Becoming a serious guitar player, says Brad Paisley, is no solitary craft. “It’s like becoming a Jedi-you have to have your Obi-Wan Kenobi.” Or, in Paisley’s case, an entire Jedi Council, many of whom he honors in his new book Diary of a Player.
Chief among those musical guides was his grandfather Warren Jarvis. After buying his grandson his first guitar when he was 8, the two spent hours dissecting the signature picking styles of Roy Clark, Les Paul and Chet Atkins. “He didn’t start playing until he was 40 or so, but he realized this was an instrument with so many nuances that playing it is almost like handwriting,” Paisley says. “You grow up with that, you can’t help but absorb it.”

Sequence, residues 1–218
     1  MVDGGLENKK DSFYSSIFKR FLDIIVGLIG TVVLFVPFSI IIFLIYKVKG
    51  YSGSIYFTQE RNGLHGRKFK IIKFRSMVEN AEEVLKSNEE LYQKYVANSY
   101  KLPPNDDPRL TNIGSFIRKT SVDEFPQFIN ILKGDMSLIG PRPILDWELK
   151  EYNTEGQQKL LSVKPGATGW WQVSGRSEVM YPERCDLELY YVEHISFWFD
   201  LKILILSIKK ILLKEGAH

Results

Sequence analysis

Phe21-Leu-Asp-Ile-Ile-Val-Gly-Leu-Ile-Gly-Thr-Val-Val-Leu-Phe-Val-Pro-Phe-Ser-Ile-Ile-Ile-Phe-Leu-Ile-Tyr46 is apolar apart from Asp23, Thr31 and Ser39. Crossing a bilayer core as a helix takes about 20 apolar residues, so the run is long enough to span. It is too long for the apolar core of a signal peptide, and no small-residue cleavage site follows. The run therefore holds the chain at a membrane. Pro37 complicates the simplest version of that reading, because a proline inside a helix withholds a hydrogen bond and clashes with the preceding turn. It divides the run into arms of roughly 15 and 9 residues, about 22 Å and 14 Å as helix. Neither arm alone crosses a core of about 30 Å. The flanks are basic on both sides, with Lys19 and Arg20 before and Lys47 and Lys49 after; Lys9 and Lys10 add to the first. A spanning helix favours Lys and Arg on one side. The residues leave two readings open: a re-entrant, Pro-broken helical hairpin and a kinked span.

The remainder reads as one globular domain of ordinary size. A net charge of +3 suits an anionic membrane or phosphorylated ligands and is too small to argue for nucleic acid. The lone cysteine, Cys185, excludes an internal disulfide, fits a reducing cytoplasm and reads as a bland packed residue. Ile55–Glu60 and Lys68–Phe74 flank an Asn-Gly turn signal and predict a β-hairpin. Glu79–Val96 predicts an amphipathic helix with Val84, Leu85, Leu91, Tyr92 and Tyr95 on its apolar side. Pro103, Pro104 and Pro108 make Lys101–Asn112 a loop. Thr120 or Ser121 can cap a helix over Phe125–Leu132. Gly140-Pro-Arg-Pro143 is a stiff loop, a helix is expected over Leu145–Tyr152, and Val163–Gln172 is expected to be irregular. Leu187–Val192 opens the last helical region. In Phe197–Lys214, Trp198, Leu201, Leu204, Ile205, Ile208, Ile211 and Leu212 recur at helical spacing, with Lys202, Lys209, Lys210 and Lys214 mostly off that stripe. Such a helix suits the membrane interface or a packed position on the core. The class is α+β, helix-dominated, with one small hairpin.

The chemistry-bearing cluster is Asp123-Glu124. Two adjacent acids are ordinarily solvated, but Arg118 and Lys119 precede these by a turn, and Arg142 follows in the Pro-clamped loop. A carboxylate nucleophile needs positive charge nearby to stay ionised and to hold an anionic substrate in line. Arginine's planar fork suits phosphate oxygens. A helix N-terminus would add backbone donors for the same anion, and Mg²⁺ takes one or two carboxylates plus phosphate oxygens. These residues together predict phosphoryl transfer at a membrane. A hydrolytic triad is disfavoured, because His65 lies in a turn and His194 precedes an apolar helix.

The singer went on to study under guitarist Hank Goddard, with whom he developed fleet fingers on the strings but also learned about generosity of spirit when Goddard agreed to play in his student’s backing band. “He was way better than what I was doing, but he cared about me. He couldn’t say no to doing something helpful.”
Soon the guitar prodigy was meeting virtuosos like Steve Wariner (“He had a red Stratocaster and a bus with flames on it!”) and Vince Gill, who opened his eyes to possibility. “Seeing those guys, it was like, ‘That’s who I want to be!'” he says. “A lot of people collaborated to get me to this point, and I’m thankful for that.”